# Show that for each a < b a, b ∈ N we have the following

The statement "If d > 2, d ∈ N, then d does not divide both 3^(2^a) + 1 and 3^(2^b) -1" cannot be proven with the given information. It is possible for d to divide both expressions, as shown in the example you provided. Without further clarification or conditions, this statement cannot be proven.

Missing template due to originally being posted in different forum.
1) 3^(2^a) + 1 divides 3^(2^b) -1

2) If d > 2, d ∈ N, then d does not divide both 3^(2^a) + 1 and 3^(2^b) -1

Attempt:

Set b = s+a for s ∈ N

m = 3^(2^a). Then 3^(2^b) - 1 = 3^[(2^a)(2^s)]-1 = m^(2^s) -1

Thus, m+1 and m-1 divides m^(2^s) -1 by induction.

If s = 1, then m^(2^s) -1 = m^2 - 1 = (m+1)(m-1)

For s>= 1, m^(2^s) = (m^(2^(s-1))+1)(m^(2^(s-1))-1). The induction hypothesis approves.

I'm confused on how to prove with the second condition.

Are you sure the second problem statement is correct?
3^(2^1)+1 = 10, 3^(2^2)-1 = 80.
d=5 divides both 10 and 80.

Yes. This is why it was confusing to me.

I tried,

d = m+1>2 which shows that it can divide both m+1 and m^(2^(s-1)) -1.

There is something missing in the problem statement then.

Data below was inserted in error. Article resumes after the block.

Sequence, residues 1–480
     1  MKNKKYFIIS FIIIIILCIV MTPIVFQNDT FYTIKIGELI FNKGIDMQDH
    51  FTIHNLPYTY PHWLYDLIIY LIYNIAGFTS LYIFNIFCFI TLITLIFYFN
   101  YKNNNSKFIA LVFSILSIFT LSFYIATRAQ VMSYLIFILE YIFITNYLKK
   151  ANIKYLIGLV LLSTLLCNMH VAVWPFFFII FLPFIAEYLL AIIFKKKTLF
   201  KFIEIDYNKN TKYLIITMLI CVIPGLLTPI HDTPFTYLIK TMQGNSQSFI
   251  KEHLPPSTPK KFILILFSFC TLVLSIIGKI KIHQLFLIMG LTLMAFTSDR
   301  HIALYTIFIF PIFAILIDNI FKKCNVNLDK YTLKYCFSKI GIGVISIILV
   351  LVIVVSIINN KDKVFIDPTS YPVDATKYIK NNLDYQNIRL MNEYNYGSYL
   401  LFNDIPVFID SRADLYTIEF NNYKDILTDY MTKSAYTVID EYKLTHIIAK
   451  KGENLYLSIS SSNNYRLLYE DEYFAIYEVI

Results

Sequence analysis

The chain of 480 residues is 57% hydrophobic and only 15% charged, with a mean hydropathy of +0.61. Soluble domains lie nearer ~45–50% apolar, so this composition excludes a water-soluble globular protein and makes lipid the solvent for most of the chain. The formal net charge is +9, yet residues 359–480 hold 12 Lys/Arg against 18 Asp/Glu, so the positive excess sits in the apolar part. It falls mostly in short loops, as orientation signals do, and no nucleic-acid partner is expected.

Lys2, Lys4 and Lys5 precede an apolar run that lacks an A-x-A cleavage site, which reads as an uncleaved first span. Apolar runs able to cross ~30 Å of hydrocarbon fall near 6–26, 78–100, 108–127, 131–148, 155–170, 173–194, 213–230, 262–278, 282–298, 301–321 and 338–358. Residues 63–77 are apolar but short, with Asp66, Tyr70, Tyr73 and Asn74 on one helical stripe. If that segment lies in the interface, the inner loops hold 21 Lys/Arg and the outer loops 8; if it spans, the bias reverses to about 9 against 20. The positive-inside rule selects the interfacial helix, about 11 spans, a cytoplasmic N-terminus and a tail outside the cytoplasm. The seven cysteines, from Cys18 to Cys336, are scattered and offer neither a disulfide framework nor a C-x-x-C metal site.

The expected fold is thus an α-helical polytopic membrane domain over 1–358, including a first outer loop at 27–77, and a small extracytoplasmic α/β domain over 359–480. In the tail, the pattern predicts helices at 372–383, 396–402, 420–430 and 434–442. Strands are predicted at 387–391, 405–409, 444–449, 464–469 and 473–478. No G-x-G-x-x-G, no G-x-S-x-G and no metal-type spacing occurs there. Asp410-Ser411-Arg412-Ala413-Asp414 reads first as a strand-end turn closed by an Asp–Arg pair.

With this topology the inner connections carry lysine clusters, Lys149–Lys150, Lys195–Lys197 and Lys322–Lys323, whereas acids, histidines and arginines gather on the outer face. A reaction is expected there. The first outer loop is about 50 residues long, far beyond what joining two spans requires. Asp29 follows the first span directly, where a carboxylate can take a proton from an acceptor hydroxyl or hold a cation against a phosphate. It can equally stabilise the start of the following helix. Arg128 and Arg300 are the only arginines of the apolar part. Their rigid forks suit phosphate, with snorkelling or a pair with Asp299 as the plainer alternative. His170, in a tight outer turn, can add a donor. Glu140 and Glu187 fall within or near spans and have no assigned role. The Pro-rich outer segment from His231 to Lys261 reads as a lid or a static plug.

## 1. What does "a < b" mean in this statement?

In this statement, "a < b" means that a is less than b. This notation is commonly used in mathematics to compare the values of two numbers.

## 2. What does "a, b ∈ N" mean?

The notation "a, b ∈ N" means that both a and b are natural numbers. Natural numbers are the positive integers (1, 2, 3, ...).

## 3. What does it mean to "show" something in a mathematical context?

In mathematics, "showing" something means to prove or demonstrate its truth or validity. This often involves using logical reasoning and mathematical principles to support a statement or equation.

## 4. How can this statement be proven?

This statement can be proven using mathematical induction, which is a technique for proving statements about natural numbers. It involves showing that the statement holds for a base case (usually a = 1) and then showing that if the statement holds for some arbitrary value of a, it also holds for the next value of a (a+1).

## 5. Can you provide an example to illustrate this statement?

Yes, an example of this statement would be: if a = 2 and b = 5, then we can show that 2 < 5, since 2 is less than 5. This follows the pattern of the statement "for each a < b a, b ∈ N", as a is less than b and both a and b are natural numbers.

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